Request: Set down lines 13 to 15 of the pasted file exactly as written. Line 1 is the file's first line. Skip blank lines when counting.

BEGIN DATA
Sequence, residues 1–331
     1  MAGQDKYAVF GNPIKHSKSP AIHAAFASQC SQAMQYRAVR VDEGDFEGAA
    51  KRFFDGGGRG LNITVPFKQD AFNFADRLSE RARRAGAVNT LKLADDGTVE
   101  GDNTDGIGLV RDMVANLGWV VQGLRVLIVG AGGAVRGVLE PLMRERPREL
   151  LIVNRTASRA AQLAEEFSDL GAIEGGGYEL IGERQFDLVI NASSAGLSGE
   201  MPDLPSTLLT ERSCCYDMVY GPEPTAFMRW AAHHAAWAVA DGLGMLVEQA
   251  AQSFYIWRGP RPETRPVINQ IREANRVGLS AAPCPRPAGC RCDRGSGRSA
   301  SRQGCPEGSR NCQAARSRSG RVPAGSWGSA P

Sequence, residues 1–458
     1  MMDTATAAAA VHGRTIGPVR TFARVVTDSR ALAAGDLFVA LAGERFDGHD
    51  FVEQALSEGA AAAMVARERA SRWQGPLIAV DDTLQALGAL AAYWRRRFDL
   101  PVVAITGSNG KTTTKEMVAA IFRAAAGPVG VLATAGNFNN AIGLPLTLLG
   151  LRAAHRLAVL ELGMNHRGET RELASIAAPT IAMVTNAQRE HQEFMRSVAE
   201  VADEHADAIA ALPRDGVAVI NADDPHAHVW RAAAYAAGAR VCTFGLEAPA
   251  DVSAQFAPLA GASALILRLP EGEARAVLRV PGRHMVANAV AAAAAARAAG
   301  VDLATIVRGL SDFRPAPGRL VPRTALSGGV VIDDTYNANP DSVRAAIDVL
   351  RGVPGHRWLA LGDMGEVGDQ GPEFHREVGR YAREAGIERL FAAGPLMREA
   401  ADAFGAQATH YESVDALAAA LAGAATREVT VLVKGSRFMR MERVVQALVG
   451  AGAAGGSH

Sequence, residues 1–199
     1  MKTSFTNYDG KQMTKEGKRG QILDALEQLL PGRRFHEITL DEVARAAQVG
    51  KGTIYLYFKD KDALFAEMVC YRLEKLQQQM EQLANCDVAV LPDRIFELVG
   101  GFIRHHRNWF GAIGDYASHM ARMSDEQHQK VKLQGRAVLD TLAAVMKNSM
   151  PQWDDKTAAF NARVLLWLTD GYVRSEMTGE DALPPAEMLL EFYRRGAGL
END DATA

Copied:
   151  LRAAHRLAVL ELGMNHRGET RELASIAAPT IAMVTNAQRE HQEFMRSVAE
   201  VADEHADAIA ALPRDGVAVI NADDPHAHVW RAAAYAAGAR VCTFGLEAPA
   251  DVSAQFAPLA GASALILRLP EGEARAVLRV PGRHMVANAV AAAAAARAAG